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The Latest from Lesvos, Greece: Refugee Crisis 2016

Once again, it’s hard to know where to start.  Here, things change so fast that a ticker tape is needed, rather than a blog.

For Seven Days the Refugees Stopped Arriving on Lesvos

Last week, there was a lull in refugee arrivals.  This was a strange time.  Refugee camps were nearly empty, volunteers still attending them as if by ritual, without reason.  Volunteers stared at each other over coffee and extended meals.  Some explored this beautiful island for the first time.  We all wondered what was happening.  The sense of uncertainty was as thick as pea soup.   Will they come tonight?  Will they ever come again?  Where are they?  Many volunteers left, feeling they could be more useful elsewhere on the refugee route.


Refugee boat on Lesvos

Refugee boat on Lesvos


During this time, volunteers cleaned beaches which are littered with rubber dinghies and lifejackets, improved systems which began in crisis, and caught up on rest.  My contact with refugees has been limited to my first few days on Lesvos.  During this time, and since then, I’ve helped reorganize a clothing warehouse, painted, cleaned, sorted clothes and shoes, rolled donated sleeping bags and made directional signs.  Some volunteers wouldn’t consider doing these mundane tasks, but they need to get done.  Fortunately, I like this kind of work and would be a disaster as a “hero” at the shores.  We all have our strengths and something unique to offer.  Like musicians in an orchestra, together we are amazing!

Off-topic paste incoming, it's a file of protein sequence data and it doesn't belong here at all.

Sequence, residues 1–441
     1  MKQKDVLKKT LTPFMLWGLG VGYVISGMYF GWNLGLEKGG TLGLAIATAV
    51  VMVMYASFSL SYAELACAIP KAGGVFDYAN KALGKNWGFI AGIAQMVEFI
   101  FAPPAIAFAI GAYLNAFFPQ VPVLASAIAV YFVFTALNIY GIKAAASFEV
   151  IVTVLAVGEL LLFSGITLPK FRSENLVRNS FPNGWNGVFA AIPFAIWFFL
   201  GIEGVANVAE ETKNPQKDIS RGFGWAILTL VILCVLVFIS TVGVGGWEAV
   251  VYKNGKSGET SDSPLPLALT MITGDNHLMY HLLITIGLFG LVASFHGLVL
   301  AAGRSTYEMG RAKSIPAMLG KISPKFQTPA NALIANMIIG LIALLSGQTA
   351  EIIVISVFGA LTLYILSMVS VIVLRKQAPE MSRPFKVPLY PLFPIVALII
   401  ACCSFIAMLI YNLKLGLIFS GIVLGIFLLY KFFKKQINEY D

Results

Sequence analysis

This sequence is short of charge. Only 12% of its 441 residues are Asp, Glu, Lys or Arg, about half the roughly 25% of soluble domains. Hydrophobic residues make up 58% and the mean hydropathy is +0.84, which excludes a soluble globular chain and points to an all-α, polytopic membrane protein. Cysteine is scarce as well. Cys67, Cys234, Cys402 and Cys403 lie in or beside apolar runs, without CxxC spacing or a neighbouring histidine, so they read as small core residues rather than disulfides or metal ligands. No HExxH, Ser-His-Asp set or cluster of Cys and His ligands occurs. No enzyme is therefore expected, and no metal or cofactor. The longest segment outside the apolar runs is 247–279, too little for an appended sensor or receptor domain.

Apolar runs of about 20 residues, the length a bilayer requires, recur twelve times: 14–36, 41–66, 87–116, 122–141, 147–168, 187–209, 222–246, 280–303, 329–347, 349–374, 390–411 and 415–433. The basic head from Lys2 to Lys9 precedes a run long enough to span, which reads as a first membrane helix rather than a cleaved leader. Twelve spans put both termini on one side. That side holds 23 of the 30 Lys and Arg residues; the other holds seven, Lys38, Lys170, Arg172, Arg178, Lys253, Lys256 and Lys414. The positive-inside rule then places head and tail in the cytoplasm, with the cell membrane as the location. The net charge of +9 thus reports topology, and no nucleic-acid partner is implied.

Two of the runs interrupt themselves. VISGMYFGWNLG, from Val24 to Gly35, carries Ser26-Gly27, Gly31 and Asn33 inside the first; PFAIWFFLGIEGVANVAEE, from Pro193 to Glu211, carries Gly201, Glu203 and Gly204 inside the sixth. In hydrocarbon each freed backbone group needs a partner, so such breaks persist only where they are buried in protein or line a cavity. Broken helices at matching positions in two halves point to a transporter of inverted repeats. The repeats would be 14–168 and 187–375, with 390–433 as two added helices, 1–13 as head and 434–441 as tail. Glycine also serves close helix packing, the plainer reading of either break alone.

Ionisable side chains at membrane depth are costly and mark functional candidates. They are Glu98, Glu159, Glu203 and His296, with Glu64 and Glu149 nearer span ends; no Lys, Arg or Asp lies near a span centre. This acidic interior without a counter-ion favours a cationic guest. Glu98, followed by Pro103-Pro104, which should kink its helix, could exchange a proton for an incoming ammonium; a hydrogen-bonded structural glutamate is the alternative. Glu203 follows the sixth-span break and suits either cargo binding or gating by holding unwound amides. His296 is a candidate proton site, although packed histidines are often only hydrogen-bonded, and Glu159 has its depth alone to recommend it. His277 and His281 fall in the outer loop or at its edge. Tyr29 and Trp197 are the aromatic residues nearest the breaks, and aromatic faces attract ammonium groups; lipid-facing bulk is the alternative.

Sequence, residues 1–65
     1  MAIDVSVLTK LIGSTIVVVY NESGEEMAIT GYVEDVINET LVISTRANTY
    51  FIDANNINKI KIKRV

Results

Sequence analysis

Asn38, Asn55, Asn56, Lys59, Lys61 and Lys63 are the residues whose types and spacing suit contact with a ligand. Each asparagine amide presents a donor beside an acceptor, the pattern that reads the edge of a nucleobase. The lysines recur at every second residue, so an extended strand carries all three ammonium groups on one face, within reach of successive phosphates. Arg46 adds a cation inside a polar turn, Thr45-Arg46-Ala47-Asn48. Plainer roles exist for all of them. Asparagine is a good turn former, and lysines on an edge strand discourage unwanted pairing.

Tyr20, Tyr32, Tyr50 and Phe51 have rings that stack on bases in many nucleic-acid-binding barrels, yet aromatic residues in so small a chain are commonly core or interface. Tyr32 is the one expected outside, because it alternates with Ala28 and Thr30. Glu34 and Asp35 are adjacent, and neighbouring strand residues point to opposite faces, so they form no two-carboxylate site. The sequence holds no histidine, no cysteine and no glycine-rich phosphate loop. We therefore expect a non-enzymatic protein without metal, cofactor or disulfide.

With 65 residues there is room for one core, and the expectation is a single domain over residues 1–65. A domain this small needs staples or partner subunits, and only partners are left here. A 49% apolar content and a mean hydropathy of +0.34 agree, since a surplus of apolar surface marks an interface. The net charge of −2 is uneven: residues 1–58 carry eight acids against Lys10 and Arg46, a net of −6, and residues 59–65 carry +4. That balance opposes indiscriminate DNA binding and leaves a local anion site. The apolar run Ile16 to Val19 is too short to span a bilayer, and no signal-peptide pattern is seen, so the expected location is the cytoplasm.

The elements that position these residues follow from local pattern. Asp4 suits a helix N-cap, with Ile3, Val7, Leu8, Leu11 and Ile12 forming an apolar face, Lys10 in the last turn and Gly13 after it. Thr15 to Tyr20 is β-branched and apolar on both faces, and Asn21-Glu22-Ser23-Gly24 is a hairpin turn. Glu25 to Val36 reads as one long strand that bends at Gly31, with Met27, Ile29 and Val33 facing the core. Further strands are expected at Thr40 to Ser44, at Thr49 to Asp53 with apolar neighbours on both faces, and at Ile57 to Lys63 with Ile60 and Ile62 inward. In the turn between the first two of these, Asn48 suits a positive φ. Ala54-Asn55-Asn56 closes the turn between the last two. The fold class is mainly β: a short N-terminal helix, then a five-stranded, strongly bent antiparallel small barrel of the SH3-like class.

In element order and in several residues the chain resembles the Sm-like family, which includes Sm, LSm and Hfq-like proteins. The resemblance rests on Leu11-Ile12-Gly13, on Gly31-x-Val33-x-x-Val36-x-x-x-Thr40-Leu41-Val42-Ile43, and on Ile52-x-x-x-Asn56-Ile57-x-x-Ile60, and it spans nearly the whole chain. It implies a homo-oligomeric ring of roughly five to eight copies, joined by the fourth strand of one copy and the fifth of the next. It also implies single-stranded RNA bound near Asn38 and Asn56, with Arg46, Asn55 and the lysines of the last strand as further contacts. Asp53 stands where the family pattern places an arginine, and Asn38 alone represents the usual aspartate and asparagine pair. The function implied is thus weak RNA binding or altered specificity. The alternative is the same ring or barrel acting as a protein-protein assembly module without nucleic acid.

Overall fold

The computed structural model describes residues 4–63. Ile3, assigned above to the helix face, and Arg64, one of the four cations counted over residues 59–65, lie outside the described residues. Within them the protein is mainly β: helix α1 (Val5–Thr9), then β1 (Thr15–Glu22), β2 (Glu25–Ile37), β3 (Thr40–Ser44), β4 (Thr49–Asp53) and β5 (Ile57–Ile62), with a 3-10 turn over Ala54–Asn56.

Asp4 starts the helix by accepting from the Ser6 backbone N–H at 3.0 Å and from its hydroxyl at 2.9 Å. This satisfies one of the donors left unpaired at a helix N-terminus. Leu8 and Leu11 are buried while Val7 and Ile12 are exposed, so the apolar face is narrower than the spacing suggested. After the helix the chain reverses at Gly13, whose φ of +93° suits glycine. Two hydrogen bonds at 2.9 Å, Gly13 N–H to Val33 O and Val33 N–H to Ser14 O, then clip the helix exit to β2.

Rolling donated sleeping bags. This one, with an ironic message: Make Love, not War

Rolling donated sleeping bags. This one, with an ironic message: Make Love, not War


Why Did They Stop Coming?

Incredible wind and cold swept over the island for a solid week.  Refugees, however, have arrived in worse conditions, so it was unclear what was happening.  Rumors flowed like waterfalls.  Just prior to, and during this lull in arrivals, all kinds of political deals were being made.   As volunteers, all we knew was the following:

1) It was announced that NATO would send three ships to the Turkish border.  This NATO warship intervention is curious.  It’s being sold as a “humanitarian” effort to help crackdown on smugglers but the general consensus here seems to be that that it’s merely a guise for turning all refugee boats back towards Turkey.  This is a highly unusual operation for NATO.  Smugglers are found on land, not in the sea.  One does not have to be Einstein in order to smell something fishy here.  NATO ships are in the unique position of being able to sail in both Turkish and Greek waters.  What are they actually doing?